In this project we provide an experimental approach to testing the main prediction of the scenario model: that only the gist is retrieved from episodic memory.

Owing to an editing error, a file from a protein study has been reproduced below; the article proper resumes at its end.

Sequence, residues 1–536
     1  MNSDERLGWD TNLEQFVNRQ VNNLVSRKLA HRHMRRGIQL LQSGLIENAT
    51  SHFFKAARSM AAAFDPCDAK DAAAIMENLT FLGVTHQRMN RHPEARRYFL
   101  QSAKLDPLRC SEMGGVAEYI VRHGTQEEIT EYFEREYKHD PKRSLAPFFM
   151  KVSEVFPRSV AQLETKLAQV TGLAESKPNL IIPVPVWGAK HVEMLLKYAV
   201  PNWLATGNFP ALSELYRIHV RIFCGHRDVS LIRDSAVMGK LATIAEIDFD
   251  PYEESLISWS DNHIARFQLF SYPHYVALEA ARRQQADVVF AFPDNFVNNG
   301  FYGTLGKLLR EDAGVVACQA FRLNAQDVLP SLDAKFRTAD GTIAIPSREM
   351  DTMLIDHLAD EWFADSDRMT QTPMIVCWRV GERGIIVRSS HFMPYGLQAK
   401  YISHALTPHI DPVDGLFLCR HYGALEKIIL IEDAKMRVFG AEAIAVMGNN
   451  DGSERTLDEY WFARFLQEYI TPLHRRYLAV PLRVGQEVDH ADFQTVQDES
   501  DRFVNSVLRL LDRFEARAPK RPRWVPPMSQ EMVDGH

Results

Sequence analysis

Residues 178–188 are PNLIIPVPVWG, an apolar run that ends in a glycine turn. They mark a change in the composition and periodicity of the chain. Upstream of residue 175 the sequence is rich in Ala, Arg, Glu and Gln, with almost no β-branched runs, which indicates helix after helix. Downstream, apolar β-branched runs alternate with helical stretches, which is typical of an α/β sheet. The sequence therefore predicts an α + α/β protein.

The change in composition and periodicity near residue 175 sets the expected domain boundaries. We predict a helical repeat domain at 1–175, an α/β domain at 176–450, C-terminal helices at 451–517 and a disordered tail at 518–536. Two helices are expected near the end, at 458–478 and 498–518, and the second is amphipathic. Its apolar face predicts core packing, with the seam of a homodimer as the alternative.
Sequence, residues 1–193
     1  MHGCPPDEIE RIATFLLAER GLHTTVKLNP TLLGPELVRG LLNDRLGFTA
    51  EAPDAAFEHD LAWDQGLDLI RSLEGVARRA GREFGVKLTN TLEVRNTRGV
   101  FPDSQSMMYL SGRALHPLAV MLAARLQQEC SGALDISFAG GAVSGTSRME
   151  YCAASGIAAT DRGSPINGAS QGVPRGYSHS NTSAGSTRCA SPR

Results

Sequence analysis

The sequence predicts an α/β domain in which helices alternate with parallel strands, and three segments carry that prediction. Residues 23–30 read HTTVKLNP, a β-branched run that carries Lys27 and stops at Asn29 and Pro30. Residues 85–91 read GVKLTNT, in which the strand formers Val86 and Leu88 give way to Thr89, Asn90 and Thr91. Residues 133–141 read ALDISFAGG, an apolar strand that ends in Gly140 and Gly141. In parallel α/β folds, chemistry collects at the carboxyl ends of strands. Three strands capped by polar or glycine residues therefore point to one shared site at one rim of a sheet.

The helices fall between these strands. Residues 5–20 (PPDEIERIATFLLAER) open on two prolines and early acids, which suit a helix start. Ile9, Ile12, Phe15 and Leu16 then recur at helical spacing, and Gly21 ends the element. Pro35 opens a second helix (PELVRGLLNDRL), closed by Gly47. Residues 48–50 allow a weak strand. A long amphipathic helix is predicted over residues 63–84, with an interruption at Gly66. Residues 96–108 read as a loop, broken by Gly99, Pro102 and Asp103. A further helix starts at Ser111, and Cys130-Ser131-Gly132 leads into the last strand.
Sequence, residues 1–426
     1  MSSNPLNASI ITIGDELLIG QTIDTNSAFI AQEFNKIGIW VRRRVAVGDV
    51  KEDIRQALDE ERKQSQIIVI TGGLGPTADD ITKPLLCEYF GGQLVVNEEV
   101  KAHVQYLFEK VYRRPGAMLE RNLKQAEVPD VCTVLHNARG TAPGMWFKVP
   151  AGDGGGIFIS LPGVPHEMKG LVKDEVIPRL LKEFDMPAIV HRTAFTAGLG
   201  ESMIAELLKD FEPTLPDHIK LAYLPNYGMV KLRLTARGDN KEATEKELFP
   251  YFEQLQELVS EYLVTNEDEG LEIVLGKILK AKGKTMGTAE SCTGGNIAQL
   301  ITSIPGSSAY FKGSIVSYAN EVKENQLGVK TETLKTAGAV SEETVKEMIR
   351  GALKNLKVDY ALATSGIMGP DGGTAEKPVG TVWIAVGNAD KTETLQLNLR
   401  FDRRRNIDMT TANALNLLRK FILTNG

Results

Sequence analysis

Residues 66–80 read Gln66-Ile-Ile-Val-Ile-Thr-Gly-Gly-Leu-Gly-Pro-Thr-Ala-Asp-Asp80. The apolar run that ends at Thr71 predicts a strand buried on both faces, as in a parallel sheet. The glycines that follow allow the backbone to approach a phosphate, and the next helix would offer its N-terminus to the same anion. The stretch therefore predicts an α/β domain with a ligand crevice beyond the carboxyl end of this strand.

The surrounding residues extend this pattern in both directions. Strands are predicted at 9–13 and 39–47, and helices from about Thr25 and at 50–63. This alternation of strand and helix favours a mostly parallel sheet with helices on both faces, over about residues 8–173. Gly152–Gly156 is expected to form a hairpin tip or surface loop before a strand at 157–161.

During memory retrieval, a scenario of the past is generated by combining information from episodic memory with information from semantic memory. Here, we study the neural correlate of this interplay between the two memory systems, as well as mechanisms that influence their relative contribution during scenario generation. In two experiments with functional magnetic resonance imaging (fMRI), we will virtual environments to induce realistic episodic memory. Crucially, we will put some elements of this learning task at odds with established semantic memory (e.g. a toaster in the bathroom). During retrieval, memory for these incongruent elements can be either driven by episodic memory (“the toaster was in the bathroom”) or by semantic memory (“the toaster was in the kitchen”). In the first experiment we include manipulations which will modulate the strength of episodic memory and thus will affect the accuracy of memory responses. To achieve this, we will administer cortisol to participants, mimicking stress. Not only is stress a highly relevant factor in everyday life, its effects on episodic memory formation and retrieval will allow us to disentangle the relative contributions of episodic and semantic memory during scenario generation. Furthermore, in the analysis of fMRI we will leverage representational similarity analysis (RSA) to study the neural patterns underlying the formation of the acquired, conflicting episodic memory, its modification by cortisol and how these patterns are related to behavior. While in the first experiment we will rely on established semantic memory (“a toaster belongs in the kitchen”), in the second series of experiments we will experimentally induce new semantic memory about novel, never before encountered objects to take more rigorous control of the contents of semantic memory. Using RSA, we can study the neural correlate of the newly established semantic memory. Importantly, we will again expose participants to conflicting episodic information in a virtual environment learning task. With RSA, we can track the fate of the newly formed semantic memory after encountering conflicting episodic information and relate this to behavioral outcome (e.g. remembering the episode correctly, or committing memory errors based on semantic information). With this proposal, we investigate key assumptions of the scenario model with tightly controlled experiments and powerful new analysis approaches and move towards a better understanding of the neural mechanisms underlying episodic and semantic memory.